Mozart Requiem in D minor, K. 226, 1791
Wolfgang Amadeus Mozart, in full Johann Chrysostum Wolfgang Amadeus Mozart, baptised Johannes Chrystosomus Wolfgangus Theophilus Mozart; born: 27th Jan 1756, Salzburg, Austria; died: 5th Dec 1791, Vienna, Austria.
Scored for SATB soloists, SATB chorus; 2 basset horns, 2 bassoons, 2 trumpets, 3 trombones, timpani, organ and strings.
The Requiem was initially composed in three stints beginning in July or early August of 1791. He took a break to conduct the premiere of La clemenza di Tito in Prague. He continued work at the end of September. He stopped again in mid October at the request of his wife, Constanze, who was worried about his physical and mental health. She associated his failing health with his obsession with the Requiem and so took the score away from him. He resumed work at the end of September and may have been working on it as late as 3rd Dec. He died early in the morning on 5th Dec 1791. It is believed these days that he died of acute rheumatic fever.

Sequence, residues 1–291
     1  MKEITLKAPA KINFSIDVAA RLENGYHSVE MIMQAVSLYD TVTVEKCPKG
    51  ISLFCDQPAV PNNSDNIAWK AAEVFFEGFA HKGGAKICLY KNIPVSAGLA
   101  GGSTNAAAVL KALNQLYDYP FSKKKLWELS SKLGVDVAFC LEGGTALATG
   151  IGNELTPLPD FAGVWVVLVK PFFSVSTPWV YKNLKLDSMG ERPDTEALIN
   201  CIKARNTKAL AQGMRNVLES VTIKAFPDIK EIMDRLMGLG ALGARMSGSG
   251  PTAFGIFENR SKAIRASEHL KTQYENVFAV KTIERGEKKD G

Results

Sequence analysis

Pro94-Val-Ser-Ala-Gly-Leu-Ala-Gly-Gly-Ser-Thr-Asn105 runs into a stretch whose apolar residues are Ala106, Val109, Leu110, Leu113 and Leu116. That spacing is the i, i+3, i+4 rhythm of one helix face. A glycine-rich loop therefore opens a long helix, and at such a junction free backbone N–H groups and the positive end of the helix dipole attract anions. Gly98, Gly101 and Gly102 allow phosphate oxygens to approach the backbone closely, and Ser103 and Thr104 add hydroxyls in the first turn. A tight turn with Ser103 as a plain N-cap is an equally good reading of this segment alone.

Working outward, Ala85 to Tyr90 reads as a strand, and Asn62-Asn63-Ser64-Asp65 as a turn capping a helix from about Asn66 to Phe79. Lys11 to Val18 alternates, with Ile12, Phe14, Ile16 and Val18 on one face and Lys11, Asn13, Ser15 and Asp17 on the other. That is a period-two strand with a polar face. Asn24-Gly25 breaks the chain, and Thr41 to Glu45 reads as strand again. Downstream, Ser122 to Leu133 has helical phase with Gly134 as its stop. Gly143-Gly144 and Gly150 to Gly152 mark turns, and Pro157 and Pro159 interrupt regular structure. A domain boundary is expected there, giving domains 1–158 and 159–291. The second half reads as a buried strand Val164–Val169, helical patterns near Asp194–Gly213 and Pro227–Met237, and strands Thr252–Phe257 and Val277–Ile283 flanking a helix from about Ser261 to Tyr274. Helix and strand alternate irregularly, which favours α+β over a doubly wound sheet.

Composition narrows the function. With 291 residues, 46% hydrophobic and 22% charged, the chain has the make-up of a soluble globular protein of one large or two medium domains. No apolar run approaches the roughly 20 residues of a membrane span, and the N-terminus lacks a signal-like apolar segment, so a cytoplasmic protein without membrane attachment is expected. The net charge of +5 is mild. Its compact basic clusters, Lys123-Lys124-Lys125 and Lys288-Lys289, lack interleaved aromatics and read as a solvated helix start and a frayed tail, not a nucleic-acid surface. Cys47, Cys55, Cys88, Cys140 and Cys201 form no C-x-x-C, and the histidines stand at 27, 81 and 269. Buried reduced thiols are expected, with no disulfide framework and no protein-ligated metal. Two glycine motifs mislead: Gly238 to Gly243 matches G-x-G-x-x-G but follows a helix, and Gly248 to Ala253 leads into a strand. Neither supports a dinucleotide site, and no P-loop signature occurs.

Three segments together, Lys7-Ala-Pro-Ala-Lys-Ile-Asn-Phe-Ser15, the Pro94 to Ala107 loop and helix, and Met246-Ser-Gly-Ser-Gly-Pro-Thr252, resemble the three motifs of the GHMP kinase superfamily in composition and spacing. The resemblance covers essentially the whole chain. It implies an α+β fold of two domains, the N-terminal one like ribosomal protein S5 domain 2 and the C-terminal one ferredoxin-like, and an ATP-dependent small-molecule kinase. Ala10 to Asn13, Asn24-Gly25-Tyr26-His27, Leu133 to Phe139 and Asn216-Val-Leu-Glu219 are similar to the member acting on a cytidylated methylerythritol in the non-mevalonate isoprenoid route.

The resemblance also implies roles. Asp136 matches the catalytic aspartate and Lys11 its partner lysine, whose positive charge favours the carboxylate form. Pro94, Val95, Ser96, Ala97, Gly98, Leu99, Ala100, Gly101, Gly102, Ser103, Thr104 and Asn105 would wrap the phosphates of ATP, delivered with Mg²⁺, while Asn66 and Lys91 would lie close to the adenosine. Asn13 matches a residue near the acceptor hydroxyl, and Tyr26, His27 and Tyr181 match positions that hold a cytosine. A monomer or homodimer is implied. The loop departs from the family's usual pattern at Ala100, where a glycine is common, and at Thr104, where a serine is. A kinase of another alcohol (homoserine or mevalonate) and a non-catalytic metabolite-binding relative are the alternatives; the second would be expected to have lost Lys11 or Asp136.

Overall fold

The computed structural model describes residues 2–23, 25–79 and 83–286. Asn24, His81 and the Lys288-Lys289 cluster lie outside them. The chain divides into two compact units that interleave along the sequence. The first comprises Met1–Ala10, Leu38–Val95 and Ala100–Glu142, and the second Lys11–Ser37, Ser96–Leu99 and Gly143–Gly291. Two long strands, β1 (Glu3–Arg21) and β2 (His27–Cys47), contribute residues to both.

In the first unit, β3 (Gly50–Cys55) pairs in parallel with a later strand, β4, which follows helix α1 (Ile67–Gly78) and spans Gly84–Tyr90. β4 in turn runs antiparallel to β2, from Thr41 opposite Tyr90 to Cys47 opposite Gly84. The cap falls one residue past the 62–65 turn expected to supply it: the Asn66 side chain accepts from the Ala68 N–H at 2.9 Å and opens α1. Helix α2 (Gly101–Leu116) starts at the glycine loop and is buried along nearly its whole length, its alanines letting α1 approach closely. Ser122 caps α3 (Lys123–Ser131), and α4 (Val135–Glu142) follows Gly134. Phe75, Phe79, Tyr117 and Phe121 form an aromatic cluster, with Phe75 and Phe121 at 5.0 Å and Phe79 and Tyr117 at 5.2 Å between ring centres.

The Requiem was commissioned anonymously by Count Franz von Walsegg. He wanted a Requiem to commemorate the anniversary of the death of his wife, Countess Anna von Walsegg, who had died on 14th Feb 1791. He commissioned it anonymously as he intended to pass it off as his own work, something he was known to do on various occasions. Half of the commission fee was paid upfront, the due upon completion of the Requiem. Antonio Salieri had nothing to do with the commission and hence the death of Mozart. The Salieri version of events came about from a play by Alexander Pushkin called Mozart and Salieri written in 1830. The play formed the basis of an opera of the same name written in 1898 by Rimsky-Korsakov. The baton was then taken up by Peter Shaffer with his 1979 play Amadeus, which then formed the basis for the 1984 film of the same name. Do not let the factual inaccuracy put you off, go and see the film.